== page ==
The Pechanga Coalitions of Indian tribes in California issued a letter this past Wednesday outlining a potential compromise that would result in the removal of opposition to AB 2863.
The coalition has long held to their belief that bad actors should not be permitted to offer online poker in California. This new “compromise” would result in a shift of position. Unfortunately, their position appears so radical that it could result in further delaying online poker in the state.
Or will it? Is there still a way forward for online poker and how far will Amaya and PokerStars bend to reach this goal?
Pechanga “Compromise” More Like Liposuction Than “Pound of Flesh”
In the letter issued by the coalition led by the Pechanga Band of Luiseño Indians and Agua Caliente Band of Cahuilla Indians, a compromise was outlined that would remove their opposition to AB 2863 and allow PokerStars to offer online poker in California – eventually.
The coalition proposed an amendment that would ban PokerStars from offering online poker for 10 years. Furthermore, the company must pay a fee of $60 million in order to offer online poker.
This is a stark contrast to the amendments added to the bill recently. As currently drafted, PokerStars would face a five-year ban or they could pay a fee of $20 million and immediately join the California iPoker market.
The original amendment was seen as lawmakers looking for a “pound of flesh” from PokerStars for their involvement in the U.S. following the passage of the UIGEA. However, this new proposition by the Pechanga Coalition is more like liposuction.
Will PokerStars Even Bother to Expand to California if Faced with a 10-year Ban?
A five-year ban would not necessarily be the end of the world for PokerStars considering that it takes a few years for a market to fully mature. Under such a ban, PokerStars would still have enough “meat on the bone” in California to make expanding there feasible.
However, what happens after 10 years when the market is likely to be fully matured? In terms of the local California market, PokerStars would likely struggle to gain significant market share. Online poker is constantly evolving and an entire decade could make the market untenable for PokerStars.
The only exception that I could see at this point would be including California in an interstate network. In the next 10 years, it is reasonable to assume that PokerStars will have a relatively robust interstate network that will likely include New York, Pennsylvania and New Jersey.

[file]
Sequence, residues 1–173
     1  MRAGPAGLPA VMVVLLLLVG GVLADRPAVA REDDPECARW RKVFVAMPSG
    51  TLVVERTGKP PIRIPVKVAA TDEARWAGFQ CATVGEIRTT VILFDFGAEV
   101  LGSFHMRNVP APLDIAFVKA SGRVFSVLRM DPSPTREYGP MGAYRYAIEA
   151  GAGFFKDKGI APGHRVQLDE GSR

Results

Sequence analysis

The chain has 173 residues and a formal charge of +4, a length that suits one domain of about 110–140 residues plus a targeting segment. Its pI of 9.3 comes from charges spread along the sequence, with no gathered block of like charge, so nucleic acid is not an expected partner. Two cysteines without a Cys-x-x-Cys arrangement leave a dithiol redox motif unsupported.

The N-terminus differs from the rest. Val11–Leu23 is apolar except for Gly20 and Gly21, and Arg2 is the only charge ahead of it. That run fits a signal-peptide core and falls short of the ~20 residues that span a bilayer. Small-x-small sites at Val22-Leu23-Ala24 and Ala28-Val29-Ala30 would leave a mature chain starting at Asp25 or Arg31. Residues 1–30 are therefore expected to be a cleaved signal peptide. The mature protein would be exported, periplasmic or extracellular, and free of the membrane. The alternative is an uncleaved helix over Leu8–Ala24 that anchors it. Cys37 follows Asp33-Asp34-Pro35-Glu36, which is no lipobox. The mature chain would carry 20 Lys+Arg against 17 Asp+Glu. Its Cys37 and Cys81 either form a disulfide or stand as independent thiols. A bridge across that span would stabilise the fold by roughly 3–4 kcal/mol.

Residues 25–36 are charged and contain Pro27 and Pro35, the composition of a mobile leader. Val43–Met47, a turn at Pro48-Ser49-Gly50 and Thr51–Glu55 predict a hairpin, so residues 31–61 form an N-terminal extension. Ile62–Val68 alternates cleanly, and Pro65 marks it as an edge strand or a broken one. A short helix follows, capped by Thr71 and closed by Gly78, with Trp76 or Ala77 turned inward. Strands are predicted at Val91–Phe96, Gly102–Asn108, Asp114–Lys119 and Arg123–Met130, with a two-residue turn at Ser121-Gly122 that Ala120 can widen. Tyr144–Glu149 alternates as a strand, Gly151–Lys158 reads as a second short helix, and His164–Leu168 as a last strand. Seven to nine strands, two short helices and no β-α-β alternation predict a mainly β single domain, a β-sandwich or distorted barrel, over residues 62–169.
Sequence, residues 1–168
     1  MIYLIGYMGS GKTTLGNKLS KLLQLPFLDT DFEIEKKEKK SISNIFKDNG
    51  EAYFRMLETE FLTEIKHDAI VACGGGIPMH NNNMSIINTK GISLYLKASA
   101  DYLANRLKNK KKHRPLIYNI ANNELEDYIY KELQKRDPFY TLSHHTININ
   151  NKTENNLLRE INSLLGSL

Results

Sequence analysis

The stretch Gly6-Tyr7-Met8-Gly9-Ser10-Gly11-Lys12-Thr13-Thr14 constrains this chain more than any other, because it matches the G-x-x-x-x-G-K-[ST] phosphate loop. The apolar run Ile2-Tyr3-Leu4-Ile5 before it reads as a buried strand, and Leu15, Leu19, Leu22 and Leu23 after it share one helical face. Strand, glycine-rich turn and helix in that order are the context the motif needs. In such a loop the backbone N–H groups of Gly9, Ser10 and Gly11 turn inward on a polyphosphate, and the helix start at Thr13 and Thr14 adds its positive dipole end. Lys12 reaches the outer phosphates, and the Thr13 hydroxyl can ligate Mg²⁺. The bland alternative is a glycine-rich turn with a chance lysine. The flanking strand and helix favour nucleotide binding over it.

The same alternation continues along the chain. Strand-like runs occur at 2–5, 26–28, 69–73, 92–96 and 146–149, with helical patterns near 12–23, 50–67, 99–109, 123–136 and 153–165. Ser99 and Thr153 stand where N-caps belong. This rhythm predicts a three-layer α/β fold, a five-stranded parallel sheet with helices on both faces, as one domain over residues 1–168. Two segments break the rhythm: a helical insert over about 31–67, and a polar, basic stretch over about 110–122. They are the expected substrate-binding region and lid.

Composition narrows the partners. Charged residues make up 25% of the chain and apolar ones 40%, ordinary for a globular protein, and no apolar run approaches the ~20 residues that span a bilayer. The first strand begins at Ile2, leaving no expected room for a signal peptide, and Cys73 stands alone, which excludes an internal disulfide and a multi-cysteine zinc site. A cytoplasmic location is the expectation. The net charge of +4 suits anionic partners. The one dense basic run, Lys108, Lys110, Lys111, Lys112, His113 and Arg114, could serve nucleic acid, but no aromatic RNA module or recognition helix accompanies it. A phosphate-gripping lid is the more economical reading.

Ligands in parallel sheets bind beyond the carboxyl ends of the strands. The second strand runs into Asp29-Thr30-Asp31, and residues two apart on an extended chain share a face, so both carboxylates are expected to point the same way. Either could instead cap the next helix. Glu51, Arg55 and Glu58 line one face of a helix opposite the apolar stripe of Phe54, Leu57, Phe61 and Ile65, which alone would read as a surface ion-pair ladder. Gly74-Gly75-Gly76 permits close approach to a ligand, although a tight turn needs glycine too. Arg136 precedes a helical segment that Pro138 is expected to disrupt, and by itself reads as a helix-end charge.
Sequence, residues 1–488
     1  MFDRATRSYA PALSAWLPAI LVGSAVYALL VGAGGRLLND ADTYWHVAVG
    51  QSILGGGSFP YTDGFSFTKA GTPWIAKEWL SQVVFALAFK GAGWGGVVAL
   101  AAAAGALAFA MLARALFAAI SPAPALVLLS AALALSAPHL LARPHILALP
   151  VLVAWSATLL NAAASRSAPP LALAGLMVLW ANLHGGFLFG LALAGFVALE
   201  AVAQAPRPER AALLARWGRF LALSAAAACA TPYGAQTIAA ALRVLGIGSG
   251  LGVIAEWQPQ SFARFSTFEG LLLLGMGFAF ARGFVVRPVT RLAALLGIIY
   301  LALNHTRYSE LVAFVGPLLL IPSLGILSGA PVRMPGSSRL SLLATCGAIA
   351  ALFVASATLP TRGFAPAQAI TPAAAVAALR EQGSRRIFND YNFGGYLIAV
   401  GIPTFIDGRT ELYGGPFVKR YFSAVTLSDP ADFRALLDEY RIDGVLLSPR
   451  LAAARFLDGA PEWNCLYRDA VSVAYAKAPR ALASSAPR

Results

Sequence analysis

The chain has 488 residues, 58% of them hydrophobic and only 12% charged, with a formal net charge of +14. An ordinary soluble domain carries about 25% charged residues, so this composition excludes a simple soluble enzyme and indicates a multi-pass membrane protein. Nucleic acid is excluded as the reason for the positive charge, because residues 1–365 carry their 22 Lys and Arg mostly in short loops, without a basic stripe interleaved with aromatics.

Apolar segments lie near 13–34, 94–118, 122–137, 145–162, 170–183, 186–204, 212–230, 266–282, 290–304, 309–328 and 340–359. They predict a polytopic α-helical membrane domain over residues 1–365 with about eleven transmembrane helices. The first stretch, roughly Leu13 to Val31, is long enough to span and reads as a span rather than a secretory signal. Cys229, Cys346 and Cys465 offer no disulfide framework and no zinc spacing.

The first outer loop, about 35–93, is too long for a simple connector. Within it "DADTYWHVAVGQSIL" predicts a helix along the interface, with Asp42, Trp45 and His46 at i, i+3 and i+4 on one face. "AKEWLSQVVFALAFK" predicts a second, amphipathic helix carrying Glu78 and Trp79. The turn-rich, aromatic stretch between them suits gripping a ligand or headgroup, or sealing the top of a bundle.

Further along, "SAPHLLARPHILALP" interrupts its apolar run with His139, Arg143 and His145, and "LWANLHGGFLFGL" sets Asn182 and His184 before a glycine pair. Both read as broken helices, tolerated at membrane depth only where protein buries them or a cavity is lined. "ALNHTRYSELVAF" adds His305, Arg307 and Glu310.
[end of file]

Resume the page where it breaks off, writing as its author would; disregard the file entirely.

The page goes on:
This robust network could still provide opportunities for expansion and PokerStars would primarily focus on the interstate angle rather than gaining market share against other California companies.
How Far Will Both Sides Bend?
The question now is whether there is still room to negotiate. Most expect that it is the Pechanga Coalition that needs to do the negotiating but one has to wonder if there are terms that PokerStars would consider accepting if it meant finally getting online poker passed in California.
The Pechanga seem to think that both a ban and a steep fine are necessary to allow PokerStars into the fold. Will they even consider a shorter ban? What if PokerStars was willing to forego the use of client lists, accept a three-year ban and pay $100 million to the state? Would that change the mind of the Pechanga?
How far will PokerStars bend and perhaps more importantly, just how much are they willing to pay to offer online poker in California? Is $20 million the right price? Maybe they are willing to actually pay $60 million. What about $100 million? Was that too crazy an idea or would that be a good “long-term investment” into PokerStars U.S.
Most agree that the only chance that the bill will move forward is if the Pechanga is willing to negotiate further. However, if PokerStars has some wiggle room, there may still be a way to get a bill passed this year.